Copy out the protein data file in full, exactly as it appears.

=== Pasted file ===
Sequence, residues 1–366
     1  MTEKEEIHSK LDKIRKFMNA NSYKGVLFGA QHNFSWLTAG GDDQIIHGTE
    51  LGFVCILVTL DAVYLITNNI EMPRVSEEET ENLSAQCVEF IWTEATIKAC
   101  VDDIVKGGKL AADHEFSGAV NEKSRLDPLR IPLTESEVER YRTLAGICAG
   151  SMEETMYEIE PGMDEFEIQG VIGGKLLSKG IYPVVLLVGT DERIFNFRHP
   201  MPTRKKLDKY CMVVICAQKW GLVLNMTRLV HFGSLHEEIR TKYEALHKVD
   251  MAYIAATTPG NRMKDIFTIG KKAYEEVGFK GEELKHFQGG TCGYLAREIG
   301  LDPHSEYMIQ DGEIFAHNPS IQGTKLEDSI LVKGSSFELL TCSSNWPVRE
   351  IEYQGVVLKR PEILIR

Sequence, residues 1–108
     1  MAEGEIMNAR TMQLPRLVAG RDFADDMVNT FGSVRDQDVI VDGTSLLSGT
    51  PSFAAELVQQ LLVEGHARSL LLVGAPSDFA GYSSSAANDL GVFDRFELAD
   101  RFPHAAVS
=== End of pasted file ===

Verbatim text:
Sequence, residues 1–366
     1  MTEKEEIHSK LDKIRKFMNA NSYKGVLFGA QHNFSWLTAG GDDQIIHGTE
    51  LGFVCILVTL DAVYLITNNI EMPRVSEEET ENLSAQCVEF IWTEATIKAC
   101  VDDIVKGGKL AADHEFSGAV NEKSRLDPLR IPLTESEVER YRTLAGICAG
   151  SMEETMYEIE PGMDEFEIQG VIGGKLLSKG IYPVVLLVGT DERIFNFRHP
   201  MPTRKKLDKY CMVVICAQKW GLVLNMTRLV HFGSLHEEIR TKYEALHKVD
   251  MAYIAATTPG NRMKDIFTIG KKAYEEVGFK GEELKHFQGG TCGYLAREIG
   301  LDPHSEYMIQ DGEIFAHNPS IQGTKLEDSI LVKGSSFELL TCSSNWPVRE
   351  IEYQGVVLKR PEILIR

Sequence, residues 1–108
     1  MAEGEIMNAR TMQLPRLVAG RDFADDMVNT FGSVRDQDVI VDGTSLLSGT
    51  PSFAAELVQQ LLVEGHARSL LLVGAPSDFA GYSSSAANDL GVFDRFELAD
   101  RFPHAAVS